Caffeine: Are You Taking Too Much?

Most people need a daily dose of caffeine, in the form of coffee, tea, or energy drink, to pull through the day. This is not surprising as caffeine is proven to improve alertness, relieve exhaustion, and boost concentration. However, many people are taking too much caffeine, which puts their health at risk.

Are you taking too much caffeine?

The safe dose of caffeine for a healthy adult is 400 mg per day. That translates into 4 cups of brewed coffee, 10 cola cans, or 2 energy drinks. However, the caffeine content of a beverage may vary. So, to know how much caffeine something has, you need to read the label carefully.

While caffeine seems like no big deal for adults, children should not consume caffeine. Teenagers and young adults should also limit their caffeine intake. Do not mix caffeine with other substances, for example, alcohol.

It’s possible that you are taking too much caffeine if you drink more than 4 cups of coffee every day. Other signs suggesting you need to cut back include migraines, insomnia, anxiety, irritability, restlessness, urinary problems, nausea, racing heartbeats, muscle spasms, etc.

Who should not consume caffeine (apart from children)?

People with sleep deprivation

Filling yourself up with caffeine to fight sleep deprivation creates a vicious circle. Sleep loss urges you to drink coffee to survive your working hours. But the caffeine you consume during the day will keep you from falling as sleep at night.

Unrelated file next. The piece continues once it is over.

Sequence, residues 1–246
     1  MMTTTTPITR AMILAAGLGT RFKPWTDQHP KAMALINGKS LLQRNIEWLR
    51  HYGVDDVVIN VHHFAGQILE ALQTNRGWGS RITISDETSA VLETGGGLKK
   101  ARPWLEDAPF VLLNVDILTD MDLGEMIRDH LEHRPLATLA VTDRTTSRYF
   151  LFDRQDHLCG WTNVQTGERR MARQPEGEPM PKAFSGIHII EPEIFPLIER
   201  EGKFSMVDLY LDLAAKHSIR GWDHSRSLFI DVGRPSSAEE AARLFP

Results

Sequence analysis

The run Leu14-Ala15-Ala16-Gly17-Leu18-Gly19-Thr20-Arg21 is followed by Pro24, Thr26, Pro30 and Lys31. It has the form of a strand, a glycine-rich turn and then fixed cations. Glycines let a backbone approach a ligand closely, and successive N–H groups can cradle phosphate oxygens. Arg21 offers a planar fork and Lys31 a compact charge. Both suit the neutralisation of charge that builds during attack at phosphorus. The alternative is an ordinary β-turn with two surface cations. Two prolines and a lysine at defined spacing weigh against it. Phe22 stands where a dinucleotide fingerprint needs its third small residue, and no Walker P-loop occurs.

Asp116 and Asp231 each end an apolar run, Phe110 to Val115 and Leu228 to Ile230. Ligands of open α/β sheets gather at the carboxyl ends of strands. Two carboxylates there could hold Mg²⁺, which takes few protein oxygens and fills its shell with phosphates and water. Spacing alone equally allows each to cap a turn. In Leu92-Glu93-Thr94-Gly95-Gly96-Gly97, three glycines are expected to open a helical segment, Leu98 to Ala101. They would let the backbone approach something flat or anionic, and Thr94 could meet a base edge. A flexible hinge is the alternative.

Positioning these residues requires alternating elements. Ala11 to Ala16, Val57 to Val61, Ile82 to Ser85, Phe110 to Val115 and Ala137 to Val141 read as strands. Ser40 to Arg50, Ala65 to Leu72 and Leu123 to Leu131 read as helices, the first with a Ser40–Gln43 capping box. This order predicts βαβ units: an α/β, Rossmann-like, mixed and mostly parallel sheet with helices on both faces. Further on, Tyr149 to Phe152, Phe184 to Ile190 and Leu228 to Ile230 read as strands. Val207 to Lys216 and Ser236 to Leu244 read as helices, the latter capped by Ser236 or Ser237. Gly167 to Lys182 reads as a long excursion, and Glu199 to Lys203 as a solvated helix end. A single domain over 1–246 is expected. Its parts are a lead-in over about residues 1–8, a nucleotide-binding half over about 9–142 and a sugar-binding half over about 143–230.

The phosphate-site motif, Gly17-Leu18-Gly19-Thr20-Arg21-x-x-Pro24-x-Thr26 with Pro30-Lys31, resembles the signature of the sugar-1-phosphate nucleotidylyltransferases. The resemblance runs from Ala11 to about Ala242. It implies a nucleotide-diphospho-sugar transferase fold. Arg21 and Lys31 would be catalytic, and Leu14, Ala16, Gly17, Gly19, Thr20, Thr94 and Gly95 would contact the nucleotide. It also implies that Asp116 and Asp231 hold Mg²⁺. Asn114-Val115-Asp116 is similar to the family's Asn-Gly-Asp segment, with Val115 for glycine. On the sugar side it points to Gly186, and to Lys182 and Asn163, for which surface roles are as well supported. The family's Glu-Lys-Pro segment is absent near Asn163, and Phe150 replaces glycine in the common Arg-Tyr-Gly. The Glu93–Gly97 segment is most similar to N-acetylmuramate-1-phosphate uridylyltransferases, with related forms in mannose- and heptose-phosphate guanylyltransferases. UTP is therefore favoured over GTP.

People who are taking certain medications and herbal supplements

There are drugs and herbs that may interact with caffeine. Ephedrine and caffeine increase your risk of seizures and cardiovascular problems. Theophylline elevates the adverse effects of caffeine, causing nausea and heart palpitations. Echinacea raises the concentration of caffeine in your blood, increasing the unpleasant effects.

How to manage your caffeine addiction?

Cutting back on caffeine is a real challenge. If you abruptly stop consuming caffeine, you will certainly suffer withdrawal symptoms such as headaches, fatigue, irritability, and decreased attention. These symptoms are often not severe and will disappear after a few days. Here are some tips to keep your caffeine consumption under control:

  • Track how much caffeine you take a day, including both foods and beverages.
  • Help your body get used to the low level of caffeine by cutting back gradually to ease withdrawal symptoms.
  • Switch to decaffeinated coffee and other beverages.
  • If you drink tea, try to change into other herbal teas that do not contain caffeine.
  • Avoid painkillers with caffeine.

Source: Article contributed by

Read also: Drinks that Will Wake You Up Better Than Coffee